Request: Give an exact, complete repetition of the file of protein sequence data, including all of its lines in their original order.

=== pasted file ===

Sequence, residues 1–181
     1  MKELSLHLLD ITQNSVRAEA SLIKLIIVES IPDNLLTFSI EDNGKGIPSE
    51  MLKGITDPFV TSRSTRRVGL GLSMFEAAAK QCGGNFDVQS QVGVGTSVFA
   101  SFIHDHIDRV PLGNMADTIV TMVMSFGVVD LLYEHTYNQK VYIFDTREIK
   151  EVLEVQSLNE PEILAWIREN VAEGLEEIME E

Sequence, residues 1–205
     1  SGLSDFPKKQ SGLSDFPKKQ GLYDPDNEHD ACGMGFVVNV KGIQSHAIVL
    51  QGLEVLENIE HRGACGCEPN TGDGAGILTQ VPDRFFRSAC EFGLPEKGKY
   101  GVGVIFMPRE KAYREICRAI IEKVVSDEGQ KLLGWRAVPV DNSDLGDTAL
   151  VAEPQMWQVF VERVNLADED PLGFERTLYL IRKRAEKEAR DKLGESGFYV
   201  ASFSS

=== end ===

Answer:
Sequence, residues 1–181
     1  MKELSLHLLD ITQNSVRAEA SLIKLIIVES IPDNLLTFSI EDNGKGIPSE
    51  MLKGITDPFV TSRSTRRVGL GLSMFEAAAK QCGGNFDVQS QVGVGTSVFA
   101  SFIHDHIDRV PLGNMADTIV TMVMSFGVVD LLYEHTYNQK VYIFDTREIK
   151  EVLEVQSLNE PEILAWIREN VAEGLEEIME E

Sequence, residues 1–205
     1  SGLSDFPKKQ SGLSDFPKKQ GLYDPDNEHD ACGMGFVVNV KGIQSHAIVL
    51  QGLEVLENIE HRGACGCEPN TGDGAGILTQ VPDRFFRSAC EFGLPEKGKY
   101  GVGVIFMPRE KAYREICRAI IEKVVSDEGQ KLLGWRAVPV DNSDLGDTAL
   151  VAEPQMWQVF VERVNLADED PLGFERTLYL IRKRAEKEAR DKLGESGFYV
   201  ASFSS